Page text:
Not to worry though, if we value our kitchen scraps instead and think it’s worthwhile to pay for a composting service we can actually make headway in solving quite a few different problems. Outlining all the benefits of contributing to a community composting service would take up a whole other blog post (jobs, improving soil, greenhouse gas abatement, community engagement, less food waste etc etc) but the main one for me is Keeping It Local. If we’re thinking of going after the big goal of greenhouse gas abatement by keeping food scraps out of landfill then it doesn’t make sense to collect from disperse locations, trucking waste all over town to process it in a central facility, say for all of Canberra. If we can instead get the whole of a suburb to work together and support a local initiative we can see great efficiencies such as collecting waste from a localised area, processing it in that same locality and even using it to amend soil in veggie beds in the same suburb. Very ‘closed loop’ and not that much effort put into transporting materials or other large infrastructure.

Before I get carried away with ambitious plans for a well managed decentralised network of composting hubs that cover all of Canberra, I’ll touch on my sheepishness again. Because I’m just not sure how many people are willing to contribute financially to set up such a composting service. I don’t think this can be done with volunteer labour alone and it does need a certain amount of oversight, both financially as well as other administration. I also have no qualms paying decent wages to get people to carry out the sometimes dirty, stinky work (they will save money on a gym membership though!)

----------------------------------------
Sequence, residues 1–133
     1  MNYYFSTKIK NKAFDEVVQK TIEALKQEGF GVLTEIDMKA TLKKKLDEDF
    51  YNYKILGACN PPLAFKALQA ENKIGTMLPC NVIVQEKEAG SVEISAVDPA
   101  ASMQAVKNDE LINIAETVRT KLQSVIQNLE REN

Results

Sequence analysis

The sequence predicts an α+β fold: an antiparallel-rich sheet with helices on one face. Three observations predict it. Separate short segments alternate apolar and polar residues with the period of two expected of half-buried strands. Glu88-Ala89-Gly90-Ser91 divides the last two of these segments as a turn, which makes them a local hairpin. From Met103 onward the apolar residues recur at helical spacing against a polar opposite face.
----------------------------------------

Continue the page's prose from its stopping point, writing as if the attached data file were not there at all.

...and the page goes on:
I have been very ‘future forward’ with my suggested donations. Currently HCC contributors are somewhat dispersed across Hackett and other suburbs. In the near future there will hopefully be some efficiencies gained by collecting scraps from co-located households (i.e. in the same street/apartment block). With that in mind, the suggested donations have been set very low ($2-$8 per month). This does not cover the work currently put in to collect buckets, wash buckets, turn the compost, administer new members and maintain records (let alone education and community outreach). So no-one needs fear that I am personally profiting off this venture!! However we can all profit, as a community, if everyone chips in to get this waste recognised as a resource but also to help pay for work that is needed to transform those banana peels etc. into black gold 🙂

Postscript: This blog post has been sitting in my drafts folder for a while! (told you I was sheepish). But the time is ripe to start discussing the economic aspects of community composting. Yesterday I attended Canberra’s first Zero Waste Festival (thanks Zero Waste Revolution for hosting!) and was even profiled by our National Broadcaster for managing the HCC. It was great to meet so many people engaged with the waste issue at the festival but the main question I received was “When will you be active in my suburb?”. The answer depends on greater community engagement! That can mean money (don’t worry, I’m following up on various avenues for funding, in addition to HCC member donations). On the other hand if you disagree with the proposed business model (user pays for scraps collections) then feel free to put your hand up to volunteer anytime! I also heard at the festival about some other scattered community composting efforts all over Canberra and that’s fantastic. We should all help each other to achieve the goal of no household kitchen scraps to landfill.

Gratuitous picture of me with leaves. Over the past week I’ve incorporated nearly all of these leaves into the heaps, which are always hungry for more!